At Staffing Advisors, we’ve long been champions of transparency in hiring. We believe providing candidates with as much relevant detail as possible, including information about pay, is crucial for building trust and finding the right match. Last year, we began recommending that our clients post salaries in job ads. With new legislation and emerging research, here’s a deeper look into what to consider when posting pay ranges publicly.

The Era of Pay Transparency Is Here

Posting salary in job ads is one of the most visible aspects of a transparent compensation strategy, and it’s rapidly becoming the norm.

In a 2024 PayScale study, researchers found that 60% of organizations publish salary ranges when advertising jobs, up from 45% the previous year. Candidates expect it, and as we shared in an earlier post, many will only engage if they know what the job pays.

An increasing number of states are implementing or proposing pay transparency laws, including Maryland (once signed by the Governor, this would go into effect on October 1, 2024) and Washington DC (starting June 30, 2024). Many of these laws require employers to post salary in job advertisements and prohibit asking candidates about their pay history. Find a list of current and proposed legislation here.

This trend is going to continue. Now is the time to prepare your organization, whether your state mandates it or not.

External Transparency Shines a Light on Internal Equity

Publicly posting pay gives current employees a window into your pay equity practices.

Many organizations hired newer employees at higher salaries during the historically tight post-pandemic labor market. Salary budgets in the US are significantly higher than before the pandemic and are expected to remain at these elevated levels. Without adjusting compensation organization-wide, current employees could see their pay as unfair in comparison.

If you don’t have them already, you need a coherent compensation philosophy and staff salary structure before you post salary information publicly.

  • Find a trusted partner who can offer guidance on conducting an internal audit and aligning goals with your mission, values, budget, and the market. (Our team uses SmithPilot to support our clients.)
  • Plan to regularly assess staff salaries, benchmarking pay against market rate for similar work at peer organizations.
  • Develop a strategy to proactively communicate with employees about pay ranges and how individual compensation aligns with the market and their peers.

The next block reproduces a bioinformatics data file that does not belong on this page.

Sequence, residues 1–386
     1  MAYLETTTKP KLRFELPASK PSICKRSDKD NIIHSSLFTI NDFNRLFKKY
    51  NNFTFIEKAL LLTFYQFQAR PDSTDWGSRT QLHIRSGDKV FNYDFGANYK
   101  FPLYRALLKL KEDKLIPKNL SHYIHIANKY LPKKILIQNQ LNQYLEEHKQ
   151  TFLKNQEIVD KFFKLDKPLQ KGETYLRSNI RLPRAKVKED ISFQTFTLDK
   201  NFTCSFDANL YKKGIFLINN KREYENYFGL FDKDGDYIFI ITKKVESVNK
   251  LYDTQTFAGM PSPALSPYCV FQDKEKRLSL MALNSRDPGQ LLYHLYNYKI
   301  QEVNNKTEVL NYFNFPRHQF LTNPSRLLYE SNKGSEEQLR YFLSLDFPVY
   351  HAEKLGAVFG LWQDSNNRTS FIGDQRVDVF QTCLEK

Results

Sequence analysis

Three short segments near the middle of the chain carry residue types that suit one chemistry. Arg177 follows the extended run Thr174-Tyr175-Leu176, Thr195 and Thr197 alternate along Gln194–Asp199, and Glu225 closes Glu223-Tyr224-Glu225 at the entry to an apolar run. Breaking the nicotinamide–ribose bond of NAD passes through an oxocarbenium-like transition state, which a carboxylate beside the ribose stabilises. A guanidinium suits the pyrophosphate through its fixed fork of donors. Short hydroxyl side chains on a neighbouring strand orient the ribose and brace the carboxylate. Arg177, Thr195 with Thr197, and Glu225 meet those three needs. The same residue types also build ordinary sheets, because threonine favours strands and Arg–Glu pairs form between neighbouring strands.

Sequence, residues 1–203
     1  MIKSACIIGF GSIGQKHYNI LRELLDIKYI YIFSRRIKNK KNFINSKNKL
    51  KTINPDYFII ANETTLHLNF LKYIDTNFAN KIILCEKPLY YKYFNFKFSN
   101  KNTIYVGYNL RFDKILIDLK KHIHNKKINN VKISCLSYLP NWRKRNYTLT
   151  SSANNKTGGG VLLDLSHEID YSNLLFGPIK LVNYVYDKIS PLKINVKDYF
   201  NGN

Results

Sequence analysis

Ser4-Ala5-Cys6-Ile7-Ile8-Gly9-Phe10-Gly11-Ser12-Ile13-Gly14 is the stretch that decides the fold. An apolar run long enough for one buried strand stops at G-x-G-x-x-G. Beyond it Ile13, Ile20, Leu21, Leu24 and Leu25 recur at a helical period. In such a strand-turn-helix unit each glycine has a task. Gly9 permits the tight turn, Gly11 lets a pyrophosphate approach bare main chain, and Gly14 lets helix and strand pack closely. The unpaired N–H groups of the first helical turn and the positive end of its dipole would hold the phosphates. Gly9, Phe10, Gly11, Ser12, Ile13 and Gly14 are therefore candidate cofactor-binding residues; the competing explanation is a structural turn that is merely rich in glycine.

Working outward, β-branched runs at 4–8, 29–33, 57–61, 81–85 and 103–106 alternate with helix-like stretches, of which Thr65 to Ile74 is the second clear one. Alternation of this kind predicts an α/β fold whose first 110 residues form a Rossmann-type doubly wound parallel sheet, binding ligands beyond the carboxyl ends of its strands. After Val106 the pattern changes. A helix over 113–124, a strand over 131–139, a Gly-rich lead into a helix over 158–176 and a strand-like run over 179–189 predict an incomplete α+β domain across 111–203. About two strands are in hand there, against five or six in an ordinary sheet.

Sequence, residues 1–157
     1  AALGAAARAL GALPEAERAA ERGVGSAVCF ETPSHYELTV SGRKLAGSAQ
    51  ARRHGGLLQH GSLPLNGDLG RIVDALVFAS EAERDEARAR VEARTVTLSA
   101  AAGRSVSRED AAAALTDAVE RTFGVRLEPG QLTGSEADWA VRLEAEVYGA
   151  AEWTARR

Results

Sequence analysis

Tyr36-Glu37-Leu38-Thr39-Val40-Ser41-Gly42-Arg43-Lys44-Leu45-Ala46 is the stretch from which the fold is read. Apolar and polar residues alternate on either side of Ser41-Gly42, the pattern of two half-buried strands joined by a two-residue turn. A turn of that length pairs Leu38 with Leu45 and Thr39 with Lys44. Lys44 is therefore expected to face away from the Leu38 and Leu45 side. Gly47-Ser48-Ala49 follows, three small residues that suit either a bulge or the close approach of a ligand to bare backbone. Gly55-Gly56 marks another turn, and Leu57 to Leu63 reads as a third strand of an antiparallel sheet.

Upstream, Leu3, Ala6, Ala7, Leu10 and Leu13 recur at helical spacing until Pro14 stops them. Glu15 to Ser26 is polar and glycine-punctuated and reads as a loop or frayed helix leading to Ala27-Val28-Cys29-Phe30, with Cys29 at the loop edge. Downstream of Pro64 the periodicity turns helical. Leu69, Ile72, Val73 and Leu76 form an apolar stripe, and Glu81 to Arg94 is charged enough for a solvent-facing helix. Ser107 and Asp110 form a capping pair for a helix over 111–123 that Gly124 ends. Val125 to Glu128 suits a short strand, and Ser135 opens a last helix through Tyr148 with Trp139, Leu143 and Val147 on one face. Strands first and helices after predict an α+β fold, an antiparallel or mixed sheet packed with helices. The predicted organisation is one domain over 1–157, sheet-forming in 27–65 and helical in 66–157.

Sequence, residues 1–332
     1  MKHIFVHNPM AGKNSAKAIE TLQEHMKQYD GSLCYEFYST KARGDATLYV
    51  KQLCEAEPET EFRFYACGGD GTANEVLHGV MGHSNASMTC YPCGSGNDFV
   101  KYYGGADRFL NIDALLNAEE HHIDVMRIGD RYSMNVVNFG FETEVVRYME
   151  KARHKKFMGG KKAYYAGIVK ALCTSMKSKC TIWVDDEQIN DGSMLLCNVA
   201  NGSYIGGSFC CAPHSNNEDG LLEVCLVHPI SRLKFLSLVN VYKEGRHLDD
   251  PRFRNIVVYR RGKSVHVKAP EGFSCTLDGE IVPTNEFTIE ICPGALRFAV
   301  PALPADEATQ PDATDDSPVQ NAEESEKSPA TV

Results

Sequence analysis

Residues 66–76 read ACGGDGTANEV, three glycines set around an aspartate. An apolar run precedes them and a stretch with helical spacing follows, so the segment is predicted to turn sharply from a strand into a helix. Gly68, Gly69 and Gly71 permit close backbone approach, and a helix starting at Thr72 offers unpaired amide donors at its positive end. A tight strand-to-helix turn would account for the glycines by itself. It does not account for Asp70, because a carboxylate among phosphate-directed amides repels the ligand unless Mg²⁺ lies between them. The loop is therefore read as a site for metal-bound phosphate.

By addressing discrepancies internally, you can feel confident about publicly posting pay without the risk of retention or performance issues among existing staff.

Be Specific When Sharing Salary Ranges

While you want to leave some negotiating room, be careful about very wide ranges. A 2024 study published in the Journal of Applied Psychology found that people respond negatively to job ads with exceedingly wide pay ranges and see those organizations as less trustworthy.

It can also be helpful to briefly explain your approach. For example:

  • You might want to hire above your range for an exceptional candidate. Instead of posting an overly broad range, indicate that senior-level candidates are encouraged to apply and the final salary will be adjusted based on experience.
  • For remote positions where salary is influenced by geographic location, indicate that the cost of living will be considered and the posted amount represents the full salary spectrum across all operational states.
  • If you are posting the full budgeted salary range for the position but have a target hiring band within that, say what that target is.

And don’t forget to emphasize the total compensation package. If the role offers performance bonuses or benefits like generous paid time off, technology stipends, or strong retirement contributions, make that clear in job postings. These benefits add meaningful value beyond base pay and show how your organization supports and values staff.

Salary Transparency Supports Equity More Broadly

As Zoe Cullen of Harvard Business School noted in her 2024 research, public salary disclosure generally leads to higher wages, especially for job seekers who have been previously underpaid.

Cullen cited “a natural experiment on, a job matching platform geared toward engineers, showed that when women were informed about the median offers that other candidates received across employers, the information resulted in higher offer salaries for women on the platform by 2.6 percent, fully closing the gender gap.”

The Human Rights Campaign includes salary transparency among their recommendations to improve equity for LGBTQ+ workers. The increase in headlines like “Pay Transparency Is Spreading and That’s Good News for Black Workers” signals that these practices promise to address inequity for workers of color. And while research on the positive impacts for workers is limited (for now), committing to transparency and the internal work to back it up is a concrete demonstration of your credibility as an equitable and fair organization.

Don’t Wait

As legislation continues to take root, posting salaries publicly will become a requirement, not an option. Get ahead of the curve with a solid compensation structure and clear internal and external communication. You’ll position your organization to reap the benefits in recruitment and retention while contributing to the nationwide movement to create more equitable workplaces for all.

Explore More